[Guiba ?] -- called [Wiva ?]:  It seems likely that Fields is reporting what she heard rather than read about these locations.  Playa de Guibia and Playa Viva Dominicus are beaches on the western side of Santo Domingo.

Mr. GrimkeWikipedia says the Grimké sisters, Sarah (1792-1873) and Angelina (1805-1879), "were 19th-century Southern American writers, orators, educators, and Quakers who were the first American women advocates of abolition and women's rights.  Throughout their lives, they traveled to the North, lecturing about their firsthand experiences with slavery on their family's plantation. Among the first American women to act publicly in social reform movements, they were ridiculed for their abolitionist activity."
    Archibald Henry Grimké (1849 - 1930), according to Wikipedia, "was an American lawyer, intellectual, journalist, diplomat and community leader in the 19th and early 20th centuries. A graduate of freedmen's schools, Lincoln University and Harvard Law School, he later was appointed as American Consul to the Dominican Republic from 1894 to 1898....  Grimké was born into slavery near Charleston, South Carolina in 1849. He was the eldest of three sons of Nancy Weston, an enslaved woman of European and African descent, and her master Henry W. Grimké, a widower. They lived in a common-law relationship, and Grimke recognized his sons."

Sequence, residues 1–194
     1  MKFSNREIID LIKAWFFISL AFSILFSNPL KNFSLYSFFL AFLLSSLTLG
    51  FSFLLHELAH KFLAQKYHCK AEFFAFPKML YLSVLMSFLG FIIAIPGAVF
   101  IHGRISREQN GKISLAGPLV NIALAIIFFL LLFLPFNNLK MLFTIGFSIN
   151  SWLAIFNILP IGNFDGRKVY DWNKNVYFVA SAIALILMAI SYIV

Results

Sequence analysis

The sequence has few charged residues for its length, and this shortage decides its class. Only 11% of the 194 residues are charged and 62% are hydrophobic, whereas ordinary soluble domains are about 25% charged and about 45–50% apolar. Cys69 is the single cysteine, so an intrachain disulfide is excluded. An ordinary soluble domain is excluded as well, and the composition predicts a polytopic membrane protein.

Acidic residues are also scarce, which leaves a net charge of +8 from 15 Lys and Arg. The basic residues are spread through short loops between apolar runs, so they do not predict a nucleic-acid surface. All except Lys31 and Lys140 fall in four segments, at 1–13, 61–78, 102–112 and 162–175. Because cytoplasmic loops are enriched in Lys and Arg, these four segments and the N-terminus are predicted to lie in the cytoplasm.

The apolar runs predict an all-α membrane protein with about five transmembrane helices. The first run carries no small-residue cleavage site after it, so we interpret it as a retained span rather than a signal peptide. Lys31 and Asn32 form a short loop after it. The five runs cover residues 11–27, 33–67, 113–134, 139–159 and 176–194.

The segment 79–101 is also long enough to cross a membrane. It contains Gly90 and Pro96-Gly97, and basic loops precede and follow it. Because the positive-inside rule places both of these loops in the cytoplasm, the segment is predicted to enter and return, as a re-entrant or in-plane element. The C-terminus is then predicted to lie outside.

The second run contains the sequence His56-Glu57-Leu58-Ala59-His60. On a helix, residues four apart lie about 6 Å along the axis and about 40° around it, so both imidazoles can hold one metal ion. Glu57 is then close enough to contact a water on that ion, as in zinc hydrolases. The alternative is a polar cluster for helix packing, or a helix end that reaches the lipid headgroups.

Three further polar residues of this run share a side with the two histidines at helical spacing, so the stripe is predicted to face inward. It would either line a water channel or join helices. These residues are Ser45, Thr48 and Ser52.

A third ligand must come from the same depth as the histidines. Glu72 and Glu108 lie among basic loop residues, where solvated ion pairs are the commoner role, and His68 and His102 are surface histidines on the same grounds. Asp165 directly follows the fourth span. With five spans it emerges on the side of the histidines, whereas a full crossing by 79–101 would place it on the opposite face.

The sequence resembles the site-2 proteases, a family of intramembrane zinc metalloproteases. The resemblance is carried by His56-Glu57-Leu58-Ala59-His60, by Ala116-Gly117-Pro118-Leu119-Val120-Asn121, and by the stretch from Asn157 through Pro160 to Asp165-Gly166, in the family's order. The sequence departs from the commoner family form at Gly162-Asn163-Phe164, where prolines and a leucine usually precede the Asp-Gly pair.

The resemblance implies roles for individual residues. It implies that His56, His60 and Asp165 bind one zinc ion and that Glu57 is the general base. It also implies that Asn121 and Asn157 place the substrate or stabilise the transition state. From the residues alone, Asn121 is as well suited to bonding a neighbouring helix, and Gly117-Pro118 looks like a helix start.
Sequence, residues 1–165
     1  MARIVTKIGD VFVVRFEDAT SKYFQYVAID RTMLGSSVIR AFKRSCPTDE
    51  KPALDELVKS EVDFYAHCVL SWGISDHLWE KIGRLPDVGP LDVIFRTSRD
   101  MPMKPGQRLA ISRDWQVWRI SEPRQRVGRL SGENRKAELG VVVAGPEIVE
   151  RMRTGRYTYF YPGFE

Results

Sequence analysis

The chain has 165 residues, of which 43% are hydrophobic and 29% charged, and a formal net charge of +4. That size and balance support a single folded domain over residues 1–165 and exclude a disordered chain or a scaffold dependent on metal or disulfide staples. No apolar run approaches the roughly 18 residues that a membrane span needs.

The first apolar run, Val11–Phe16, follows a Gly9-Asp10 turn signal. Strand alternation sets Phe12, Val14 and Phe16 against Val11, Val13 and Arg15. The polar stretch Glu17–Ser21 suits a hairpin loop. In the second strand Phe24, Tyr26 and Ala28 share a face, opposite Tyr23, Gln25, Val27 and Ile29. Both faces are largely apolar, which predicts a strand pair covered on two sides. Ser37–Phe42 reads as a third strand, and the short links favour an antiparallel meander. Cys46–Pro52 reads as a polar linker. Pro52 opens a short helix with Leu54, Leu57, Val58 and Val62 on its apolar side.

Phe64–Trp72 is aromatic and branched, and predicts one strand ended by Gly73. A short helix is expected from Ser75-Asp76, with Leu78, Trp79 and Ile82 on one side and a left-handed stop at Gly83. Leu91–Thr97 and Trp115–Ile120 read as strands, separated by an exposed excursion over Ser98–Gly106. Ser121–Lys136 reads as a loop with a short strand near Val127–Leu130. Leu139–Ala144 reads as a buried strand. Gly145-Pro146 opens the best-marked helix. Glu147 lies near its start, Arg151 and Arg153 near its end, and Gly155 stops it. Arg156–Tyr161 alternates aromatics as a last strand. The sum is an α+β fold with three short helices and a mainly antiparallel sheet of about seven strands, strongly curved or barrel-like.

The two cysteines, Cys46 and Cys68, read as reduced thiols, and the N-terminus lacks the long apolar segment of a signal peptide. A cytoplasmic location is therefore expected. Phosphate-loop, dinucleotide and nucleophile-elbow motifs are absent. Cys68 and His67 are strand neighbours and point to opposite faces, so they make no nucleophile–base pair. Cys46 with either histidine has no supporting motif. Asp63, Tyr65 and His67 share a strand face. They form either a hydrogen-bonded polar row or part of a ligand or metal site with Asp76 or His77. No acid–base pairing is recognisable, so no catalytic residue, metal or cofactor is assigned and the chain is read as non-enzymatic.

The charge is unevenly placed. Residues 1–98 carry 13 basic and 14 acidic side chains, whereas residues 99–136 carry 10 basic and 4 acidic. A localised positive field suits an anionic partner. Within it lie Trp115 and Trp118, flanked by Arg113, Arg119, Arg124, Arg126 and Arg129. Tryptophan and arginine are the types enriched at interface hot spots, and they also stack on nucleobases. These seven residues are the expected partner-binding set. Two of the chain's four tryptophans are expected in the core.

See above notes for February 12.

 Pardo : Fields's spelling of this name seems to vary between "Pardo" and "Prado." In 1903, a Mr. L. Pardo, German agent of the Clyde Steamship line in Santo Domingo, was involved in discussions about unloading the cargo of a Clyde steamship  during an insurrection. See PapersRelating to the Foreign Relations of the United States (1904), p. 396 ff.

 

Heureaux

Ulises Hilarión Heureaux Leibert
from Wills, p. 567

re-elected as often as the people wish:According to Encyclopedia Britannica (see above), Heureaux succeeded in making this change, which allowed him to rule without interruption until he was assassinated.At this time in the United States, a President could be reelected repeatedly, but none had yet served more than 2 successive 4-year terms.

 

 [ Friday 14 February ]